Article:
Chance of the day
So secure did Joe Root and Jonathan Trott appear for most of their partnership that, for long periods, it seemed a run-out was the most likely mode of dismissal. Perhaps New Zealand's best chance came when Root had 40. Pushing the ball into the off side, he set off for a sharp single only to see Trott refuse to move. Root, turning in mid-pitch, would have been run out by some distance had McCullum's throw hit the stumps or had BJ Watling, rushing to take the ball from behind the stumps, been able to take the ball and remove the bails cleanly. As it was Root survived and Watling, who jarred his knee as he dived to take the throw, was forced off the pitch. McCullum took the gloves and kept wicket but did so without pads.

George Dobell is a senior correspondent at ESPNcricinfo

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© ESPN Sports Media Ltd.

Posted by Praxis on (May 19, 2013, 12:40 GMT)

@orangtan, little bit of online research will give you the basics; identifying the point of impact, predicting travel path based on succession of frames, also the the given set of rules to counter the inaccuracy for LBW decisions. For bounce/swing/spin, agreed that post-bounce trajectory prediction may not be quite accurate with this technology, but post-bounce trajectory predictions proven to be quite accurate(unless travel time between bounce on the pitch & impact is very little). Hotspot is only thing available to determine edges, where Snicko isn't much useful/accurate in real time. Oh, looks like I just mentioned few limitations of this technology. Anyway, point is you need to give detailed reasoning why DRS to be scrapped. Because, the error margin is almost ignorable compared to human umpires & overall correct decisions count is on a higher percentage with it. Walting dismissal case you mentioned, with/without DRS we'd be depending on umpire's judgement anyway, so why complain?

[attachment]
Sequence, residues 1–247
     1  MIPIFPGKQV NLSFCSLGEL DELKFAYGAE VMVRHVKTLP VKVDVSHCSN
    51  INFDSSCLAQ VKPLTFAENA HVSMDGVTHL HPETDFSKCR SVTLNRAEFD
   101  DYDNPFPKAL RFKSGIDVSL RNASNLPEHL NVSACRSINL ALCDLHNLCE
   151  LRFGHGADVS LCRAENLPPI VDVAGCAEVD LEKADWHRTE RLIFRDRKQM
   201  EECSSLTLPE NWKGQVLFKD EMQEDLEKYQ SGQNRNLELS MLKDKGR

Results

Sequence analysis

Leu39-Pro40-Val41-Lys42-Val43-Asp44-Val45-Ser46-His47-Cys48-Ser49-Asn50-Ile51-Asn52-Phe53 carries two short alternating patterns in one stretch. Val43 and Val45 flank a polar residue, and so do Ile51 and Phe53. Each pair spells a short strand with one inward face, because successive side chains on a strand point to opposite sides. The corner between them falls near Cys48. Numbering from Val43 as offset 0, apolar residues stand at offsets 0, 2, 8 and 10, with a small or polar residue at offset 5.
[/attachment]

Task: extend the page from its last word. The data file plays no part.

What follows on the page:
Posted by Meety on (May 19, 2013, 10:45 GMT)

@orangtan on (May 19, 2013, 6:29 GMT) - your comment is "rubbish". The reality is - the right decison was made. Dar gave benefit of the doubt -so too did Erasmus. End of story.

Posted by R_U_4_REAL_NICK on (May 19, 2013, 10:00 GMT)

Please, please, please Saker: tell Broad and Finn to pitch the ball up! Jimmy never bowls short; Steyn never bowls short; why oh why are Broad and Finn so obsessed at times despite not bowling overly fast? 1 ball every 12 or 18, fair enough - just to keep the batsmen guessing. If Braod and Finn stick with their short-pitched rubbish they should be dropped from the team.

Posted by orangtan on (May 19, 2013, 6:29 GMT)

So the Indians are not so way out in left field after all when it comes to doubting the DRS. Hot spot is complete rubbish; one of the commentators opined that the mere fact that there was no "hot spot' would not have been enough to reverse the on-field umpire's decision in the case of the Watling dismissa---- though it never came to that since the young man 'walked'. So,what is the purpose of 'hot spot' anyway ? And who can believe the ball-tracker, how can it possibly gauge the amount of spin/swing , or lack thereof, imparted to a particular delivery ? The manufacturers are making a killing while the administrators and pontificating commentators don't know enough to point out that the emperor is devoid of any cover, let alone extra-cover.

Posted by Gloucsfan on (May 18, 2013, 21:41 GMT)

Good to see NZ players walking. England should do the same, would set an example to youngsters playing in the local leagues. Hot spot is rubbish